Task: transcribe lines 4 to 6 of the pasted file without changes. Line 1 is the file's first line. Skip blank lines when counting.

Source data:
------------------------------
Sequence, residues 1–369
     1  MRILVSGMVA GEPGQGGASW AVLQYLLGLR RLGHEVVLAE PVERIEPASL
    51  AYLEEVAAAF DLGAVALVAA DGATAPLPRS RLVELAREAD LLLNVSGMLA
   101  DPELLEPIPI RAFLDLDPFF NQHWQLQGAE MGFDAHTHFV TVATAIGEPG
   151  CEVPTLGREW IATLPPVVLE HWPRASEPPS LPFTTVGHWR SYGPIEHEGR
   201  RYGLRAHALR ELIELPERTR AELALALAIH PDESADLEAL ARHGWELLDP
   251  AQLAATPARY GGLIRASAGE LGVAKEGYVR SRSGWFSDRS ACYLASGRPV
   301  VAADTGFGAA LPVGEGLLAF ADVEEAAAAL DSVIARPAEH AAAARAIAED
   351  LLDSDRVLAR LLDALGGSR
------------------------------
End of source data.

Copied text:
   101  DPELLEPIPI RAFLDLDPFF NQHWQLQGAE MGFDAHTHFV TVATAIGEPG
   151  CEVPTLGREW IATLPPVVLE HWPRASEPPS LPFTTVGHWR SYGPIEHEGR
   201  RYGLRAHALR ELIELPERTR AELALALAIH PDESADLEAL ARHGWELLDP